Labour leadership: Jeremy Corbyn wins backing of Unite in blow to Andy Burnham

Mr Corbyn has been winning the warmest response at hustings debates

Andrew Grice
Monday 06 July 2015 11:00
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Labour MP Jeremy Corbyn speaking to protesters at the anti-austerity march in London
Labour MP Jeremy Corbyn speaking to protesters at the anti-austerity march in London

Jeremy Corbyn, the left-wing candidate in the Labour leadership race, has won the backing of Unite, the country’s biggest trade union, in a setback for the front-runner Andy Burnham.

Unite is the third union to support Mr Corbyn, who is running on an anti-austerity ticket. He has also been nominated by the rail union ASLEF and the bakers’ union BFAWU. The GMB and Unison, the other big unions affiliated to Labour, will decide whether to endorse a candidate by the end of this month.

Mr Corbyn, MP for Islington North, is winning the warmest response from Labour members at hustings debates around the country. There is growing speculation that he could push one of the other three candidates into fourth place. There is criticism of the Labour MPs who nominated him to ensure he secured the necessary 35 MP backers to stand even though they will not vote for him.

Some Labour moderates said Unite’s decision would call into question the party’s link with the unions. They fear a respectable showing by Mr Corbyn would send a damaging signal to voters that the left is alive inside Labour. But union sources saw Unite’s move as revenge on Labour for supporting spending cuts and an attempt to stop the party shifting to the right.

Mr Burnham, the shadow Health Secretary, had hoped to win strong support of the unions after waging a high-profile campaign against alleged “NHS privatisation.” However, Unite softened the blow by making him their second choice. This could prove important because Labour uses a preferential voting system, in which members can list candidates in order of preference.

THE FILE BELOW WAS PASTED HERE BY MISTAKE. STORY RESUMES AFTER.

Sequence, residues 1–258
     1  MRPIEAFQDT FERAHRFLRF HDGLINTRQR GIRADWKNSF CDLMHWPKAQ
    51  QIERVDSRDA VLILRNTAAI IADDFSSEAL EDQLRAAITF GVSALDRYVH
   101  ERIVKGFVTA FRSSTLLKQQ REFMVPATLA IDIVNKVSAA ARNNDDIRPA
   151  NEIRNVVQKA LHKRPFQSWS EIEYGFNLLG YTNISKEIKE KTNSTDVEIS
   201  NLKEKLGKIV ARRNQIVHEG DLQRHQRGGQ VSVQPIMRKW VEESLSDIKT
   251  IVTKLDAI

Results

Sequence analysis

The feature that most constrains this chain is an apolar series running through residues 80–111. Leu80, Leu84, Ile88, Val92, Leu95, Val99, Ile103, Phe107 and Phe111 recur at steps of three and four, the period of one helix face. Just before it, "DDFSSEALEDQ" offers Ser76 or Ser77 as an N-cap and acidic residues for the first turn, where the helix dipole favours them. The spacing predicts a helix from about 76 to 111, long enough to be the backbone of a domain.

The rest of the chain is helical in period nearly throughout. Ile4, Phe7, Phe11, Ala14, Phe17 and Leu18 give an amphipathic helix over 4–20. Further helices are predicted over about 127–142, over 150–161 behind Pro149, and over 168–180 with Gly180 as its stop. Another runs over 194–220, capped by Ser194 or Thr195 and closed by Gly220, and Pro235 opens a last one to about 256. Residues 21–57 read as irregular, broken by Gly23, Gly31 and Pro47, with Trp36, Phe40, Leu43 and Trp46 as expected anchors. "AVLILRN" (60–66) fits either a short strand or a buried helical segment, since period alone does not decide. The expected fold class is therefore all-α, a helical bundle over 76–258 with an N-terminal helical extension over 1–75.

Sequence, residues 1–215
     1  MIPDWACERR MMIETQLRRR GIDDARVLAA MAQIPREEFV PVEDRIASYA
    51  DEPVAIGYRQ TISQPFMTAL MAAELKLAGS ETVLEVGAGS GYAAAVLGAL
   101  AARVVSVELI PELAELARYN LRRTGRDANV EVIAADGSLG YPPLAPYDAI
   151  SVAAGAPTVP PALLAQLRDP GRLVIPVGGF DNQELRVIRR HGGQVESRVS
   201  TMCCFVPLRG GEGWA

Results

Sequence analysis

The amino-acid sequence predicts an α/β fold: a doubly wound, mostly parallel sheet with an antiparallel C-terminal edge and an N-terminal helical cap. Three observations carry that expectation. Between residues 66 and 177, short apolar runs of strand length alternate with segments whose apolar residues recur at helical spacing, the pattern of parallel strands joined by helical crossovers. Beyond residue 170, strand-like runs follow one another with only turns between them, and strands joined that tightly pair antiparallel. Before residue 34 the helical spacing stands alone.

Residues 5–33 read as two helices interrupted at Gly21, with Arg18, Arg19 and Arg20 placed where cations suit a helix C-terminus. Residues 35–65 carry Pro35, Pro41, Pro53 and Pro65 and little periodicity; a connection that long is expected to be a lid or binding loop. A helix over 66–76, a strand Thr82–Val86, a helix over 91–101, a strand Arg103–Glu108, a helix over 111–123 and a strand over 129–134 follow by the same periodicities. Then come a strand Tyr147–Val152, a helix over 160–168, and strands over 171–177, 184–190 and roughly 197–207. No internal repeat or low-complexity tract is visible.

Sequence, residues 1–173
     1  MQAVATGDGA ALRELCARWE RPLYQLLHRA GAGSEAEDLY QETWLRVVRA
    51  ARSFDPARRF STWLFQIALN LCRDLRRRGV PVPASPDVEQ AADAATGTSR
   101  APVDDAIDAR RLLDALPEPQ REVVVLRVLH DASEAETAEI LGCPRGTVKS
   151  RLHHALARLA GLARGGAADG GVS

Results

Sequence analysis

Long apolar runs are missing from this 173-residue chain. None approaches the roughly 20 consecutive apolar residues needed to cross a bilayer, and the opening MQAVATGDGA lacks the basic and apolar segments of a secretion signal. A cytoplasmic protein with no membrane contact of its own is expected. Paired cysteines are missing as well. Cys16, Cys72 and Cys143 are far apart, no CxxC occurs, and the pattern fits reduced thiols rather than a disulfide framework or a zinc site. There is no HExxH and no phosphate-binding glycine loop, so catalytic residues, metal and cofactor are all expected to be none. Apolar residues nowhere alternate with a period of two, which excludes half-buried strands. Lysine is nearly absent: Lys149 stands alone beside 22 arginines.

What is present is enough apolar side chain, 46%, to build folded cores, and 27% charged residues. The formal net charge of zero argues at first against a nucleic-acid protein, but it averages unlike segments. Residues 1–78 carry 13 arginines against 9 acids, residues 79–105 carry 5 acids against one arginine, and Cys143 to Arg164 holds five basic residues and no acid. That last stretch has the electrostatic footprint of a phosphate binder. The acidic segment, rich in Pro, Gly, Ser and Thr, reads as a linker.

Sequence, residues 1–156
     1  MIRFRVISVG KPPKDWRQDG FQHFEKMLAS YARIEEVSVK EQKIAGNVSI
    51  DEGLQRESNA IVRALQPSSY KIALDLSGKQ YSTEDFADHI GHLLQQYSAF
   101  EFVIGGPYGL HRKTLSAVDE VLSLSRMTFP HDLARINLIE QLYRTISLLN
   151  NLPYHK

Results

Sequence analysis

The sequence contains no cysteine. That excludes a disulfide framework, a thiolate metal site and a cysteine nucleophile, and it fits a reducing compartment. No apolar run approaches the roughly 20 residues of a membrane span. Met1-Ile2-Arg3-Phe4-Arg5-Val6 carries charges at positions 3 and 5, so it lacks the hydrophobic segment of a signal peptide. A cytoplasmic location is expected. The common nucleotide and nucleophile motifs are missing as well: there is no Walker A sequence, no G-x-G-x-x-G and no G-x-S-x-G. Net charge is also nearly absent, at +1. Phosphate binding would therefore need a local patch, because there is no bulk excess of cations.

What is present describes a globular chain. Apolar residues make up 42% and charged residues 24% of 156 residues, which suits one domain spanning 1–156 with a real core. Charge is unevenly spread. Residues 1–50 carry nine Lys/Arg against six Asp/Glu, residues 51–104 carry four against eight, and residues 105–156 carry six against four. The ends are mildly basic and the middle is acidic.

The unions will enjoy less influence than in Labour’s 2010 leadership election, when they tipped the balance for Ed Miliband in his wafer thin victory over his brother David. Then union members enjoyed a third of the total votes but the party has since adopted a “one member, one vote” system under which trade unionists will have to become affiliated Labour members to get a vote in the contest.

Unite’s 63-strong executive committee decided on Sunday not to nominate a candidate in Labour’s deputy leadership race, but will recommend that its members support Tom Watson and Angela Eagle in their first and second preference votes as they see fit.

Borbyn said: 'Trade unions are a force for good'

Mr Corbyn said: “It is a great honour to receive Unite’s nomination, and it underlines that this a serious campaign that has growing momentum.” He added: "The leadership election is about one issue above others: whether we accept another five years of a race to the bottom based on cuts that destroy services and damage living standards, or whether we invest our way to a growth and fairness.”

The veteran MP said: “Trade unions are a force for good, a force for prosperity and we should listen to them more. For Labour to win again, it must show it is on the side of the majority.”

He added: “Without trade unions there would be no Equal Pay Act, no minimum pay, no Labour Party.”

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